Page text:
July 31, 2011

Revisiting Ray Stevens, Part 3...

Unreal is quite an album from Ray Stevens. The collection came along in 1970 as the second album by Ray Stevens on the Barnaby label. Officially there are three exclamation points after the album's title but I hardly ever include them whenever I write about the album. This album includes a lot of topical songs...a keen understanding of history will go a long way for some to enjoy the collection as most of the songs deal with some sort of news item of the day. Protests, social turmoil, anti-war riots, and general chaos were on the menu during the late '60s/early '70s era. This one album, in particular, seriously tackled a lot of the issues of the day and it's one of his all-time best. The political aspect of a lot of the songs are common sense, middle-of-the-road observations of the 1969-1970 political scene. Ironically, much in the same way that a lot of Ray's modern-day songs reflect a common sense approach to 2011 politics the very same thing was happening on this album but with an obvious 1970 flavor. I always like to point out this 1970 album whenever a modern-day critic accuses Ray of "being political all of the sudden". Those who really pay attention to Ray's music are well aware of this album and are aware that Ray's an Independent thinker and continues to be one...in spite of what his critics would have you believe.

The album contains 11 songs...9 of which were written by Ray Stevens! The only songs that Ray didn't write were "Come Around" and "Talking". In the case of the latter Ray's brother, John, wrote the song. A writer credited as B. Smith wrote "Come Around".

The album's title, Unreal, or Unreal!!! as it appears on the album cover, as far as I know was lifted from "Sunset Strip". Within the song's chorus the background vocals (all Ray Stevens I might add!) can be heard singing "something Unreal about you!" several times. "Sunset Strip" is arranged to show reverence to the sounds of the Beach Boys. The song became a Top-20 hit on the Easy-Listening chart.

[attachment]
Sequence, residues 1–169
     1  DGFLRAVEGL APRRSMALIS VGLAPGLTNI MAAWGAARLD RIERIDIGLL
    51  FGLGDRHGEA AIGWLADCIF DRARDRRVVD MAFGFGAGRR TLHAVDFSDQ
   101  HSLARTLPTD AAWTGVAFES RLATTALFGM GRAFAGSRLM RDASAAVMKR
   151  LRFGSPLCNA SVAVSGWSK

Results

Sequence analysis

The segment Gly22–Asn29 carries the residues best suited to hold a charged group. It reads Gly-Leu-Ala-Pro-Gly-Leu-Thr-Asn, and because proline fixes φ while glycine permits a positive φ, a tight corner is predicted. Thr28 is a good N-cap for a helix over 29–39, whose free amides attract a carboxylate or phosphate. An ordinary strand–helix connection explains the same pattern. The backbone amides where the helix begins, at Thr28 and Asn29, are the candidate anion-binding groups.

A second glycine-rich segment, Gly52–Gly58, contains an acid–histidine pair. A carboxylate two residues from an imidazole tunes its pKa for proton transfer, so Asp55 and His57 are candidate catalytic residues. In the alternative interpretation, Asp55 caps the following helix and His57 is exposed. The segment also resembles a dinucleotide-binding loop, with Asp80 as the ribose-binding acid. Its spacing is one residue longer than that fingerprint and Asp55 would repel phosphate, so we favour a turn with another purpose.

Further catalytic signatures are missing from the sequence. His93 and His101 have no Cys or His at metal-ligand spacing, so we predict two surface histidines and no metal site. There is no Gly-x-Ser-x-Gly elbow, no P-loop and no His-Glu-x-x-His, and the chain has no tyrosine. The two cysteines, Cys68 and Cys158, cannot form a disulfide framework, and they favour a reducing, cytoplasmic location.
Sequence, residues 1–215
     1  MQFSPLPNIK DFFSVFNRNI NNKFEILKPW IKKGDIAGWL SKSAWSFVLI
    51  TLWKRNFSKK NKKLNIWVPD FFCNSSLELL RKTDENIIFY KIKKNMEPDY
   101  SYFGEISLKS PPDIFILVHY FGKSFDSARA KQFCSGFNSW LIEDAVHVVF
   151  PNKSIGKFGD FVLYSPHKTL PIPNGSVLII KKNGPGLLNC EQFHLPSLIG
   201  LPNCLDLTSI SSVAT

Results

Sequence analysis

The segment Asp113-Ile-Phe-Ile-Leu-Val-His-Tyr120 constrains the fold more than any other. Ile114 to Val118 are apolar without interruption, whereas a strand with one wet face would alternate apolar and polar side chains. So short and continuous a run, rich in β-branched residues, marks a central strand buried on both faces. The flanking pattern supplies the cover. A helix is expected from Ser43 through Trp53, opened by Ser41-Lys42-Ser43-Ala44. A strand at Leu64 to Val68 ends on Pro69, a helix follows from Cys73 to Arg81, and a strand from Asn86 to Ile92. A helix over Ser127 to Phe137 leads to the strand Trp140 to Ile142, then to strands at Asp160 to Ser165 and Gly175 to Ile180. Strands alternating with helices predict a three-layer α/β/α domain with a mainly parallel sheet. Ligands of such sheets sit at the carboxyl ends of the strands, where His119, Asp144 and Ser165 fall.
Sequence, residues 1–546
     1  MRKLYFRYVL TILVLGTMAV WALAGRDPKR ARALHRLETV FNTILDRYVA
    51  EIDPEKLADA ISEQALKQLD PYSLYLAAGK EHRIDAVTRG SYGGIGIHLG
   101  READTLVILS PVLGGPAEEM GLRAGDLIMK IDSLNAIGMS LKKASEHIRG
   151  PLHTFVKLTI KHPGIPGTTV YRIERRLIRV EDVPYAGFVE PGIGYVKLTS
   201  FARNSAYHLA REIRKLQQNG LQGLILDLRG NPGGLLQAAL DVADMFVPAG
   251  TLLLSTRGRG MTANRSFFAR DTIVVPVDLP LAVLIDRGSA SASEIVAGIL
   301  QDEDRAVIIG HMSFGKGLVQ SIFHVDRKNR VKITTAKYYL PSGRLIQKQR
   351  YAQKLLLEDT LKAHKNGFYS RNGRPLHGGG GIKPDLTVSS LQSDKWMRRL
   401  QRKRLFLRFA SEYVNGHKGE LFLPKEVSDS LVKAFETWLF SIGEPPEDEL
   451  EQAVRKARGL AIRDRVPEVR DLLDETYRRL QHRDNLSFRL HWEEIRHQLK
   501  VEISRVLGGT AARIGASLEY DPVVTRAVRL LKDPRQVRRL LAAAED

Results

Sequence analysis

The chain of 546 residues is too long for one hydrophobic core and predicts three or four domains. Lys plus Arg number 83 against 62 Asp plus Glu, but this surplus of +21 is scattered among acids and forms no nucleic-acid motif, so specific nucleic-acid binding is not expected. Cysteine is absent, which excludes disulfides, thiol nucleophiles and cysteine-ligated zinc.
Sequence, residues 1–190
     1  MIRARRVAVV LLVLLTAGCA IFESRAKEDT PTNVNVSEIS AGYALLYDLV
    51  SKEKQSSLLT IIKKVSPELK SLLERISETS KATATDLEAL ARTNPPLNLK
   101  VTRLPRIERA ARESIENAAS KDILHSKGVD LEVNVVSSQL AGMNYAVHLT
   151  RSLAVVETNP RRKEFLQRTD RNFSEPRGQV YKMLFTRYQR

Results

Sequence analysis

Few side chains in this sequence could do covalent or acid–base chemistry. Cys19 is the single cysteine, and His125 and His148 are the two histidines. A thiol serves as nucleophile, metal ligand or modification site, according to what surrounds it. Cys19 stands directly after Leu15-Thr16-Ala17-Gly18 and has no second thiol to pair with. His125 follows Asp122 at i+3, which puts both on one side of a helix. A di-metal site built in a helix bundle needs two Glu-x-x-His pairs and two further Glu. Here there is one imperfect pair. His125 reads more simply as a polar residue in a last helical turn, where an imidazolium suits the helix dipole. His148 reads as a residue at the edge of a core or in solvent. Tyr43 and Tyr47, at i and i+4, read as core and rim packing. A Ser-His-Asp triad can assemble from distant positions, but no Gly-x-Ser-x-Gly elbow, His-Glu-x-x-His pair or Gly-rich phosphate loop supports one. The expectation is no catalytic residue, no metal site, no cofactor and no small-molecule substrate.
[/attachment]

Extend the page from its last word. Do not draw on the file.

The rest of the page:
1. Sunset Strip
2. Can We Get To That? (social comment)
3. Imitation of Life (love song)
4. Night People
5. America, Communicate With Me (political/topical)
6. Come Around (social comment)
7. Loving You On Paper (topical)
8. Dream Girl (love song)
9. Monkey See, Monkey Do (social comment)
10. Talking (political/topical)
11. Islands (love song)

Besides "Sunset Strip", the album contains another Easy-Listening Top-20 hit...the very topical "America, Communicate With Me". The song is often misinterpreted today as being a full-on 100% show of support for liberal politics and the anti-war movement but in reality, if you listen carefully, Ray's political Independence is heard loud and clear as he examines the problems going on in the country and he offers his solutions on how problems can be solved.

The most revealing aspect of the song's true intent, for those still unclear about the song's message, is near the end when he sings about remaining loyal to the country and in spite of the wars and protests going on...brought about by both political parties...that he'll continue to be a patriot that won't turn his back on the country or wish it were like some foreign land whose people have no freedom or rights. The song, as I mentioned, has a distinctly Independent flavor and I can bet that Ray wrote the song and put it out to give a voice to those who were often over-looked by the extremes in both political parties. All anyone has to do is listen to the song's opening lines to understand how Independently thought out the song is...but nevertheless some people out there who've discovered the song in the last several years have gone to great lengths to paint the song in a decidedly liberal direction perhaps in the hopes of undermining Ray's modern-day political success with conservatives and those who consider themselves members of the Tea Party? Whatever their motive is the facts always defuse the left-wing bomb throwers of the world.

"Night People", "Sunset Strip", "Imitation of Life", "Islands", and "Dream Girl" depart from the political, topical, and social comment nature of the album. So it's like half the album is distinctly political and topical while the other half of the album breaks up the mood, just a bit.

The 1970 album was issued on CD and Mp3 in 2005. It marked the first time that all the songs from the album had been in commercial circulation in more than 30 years. Up until 2005 Ray's Barnaby albums had remained in the vaults and never re-issued on CD...but that all changed when Collectible's Records re-issued 6 of Ray's Barnaby albums in 2005.

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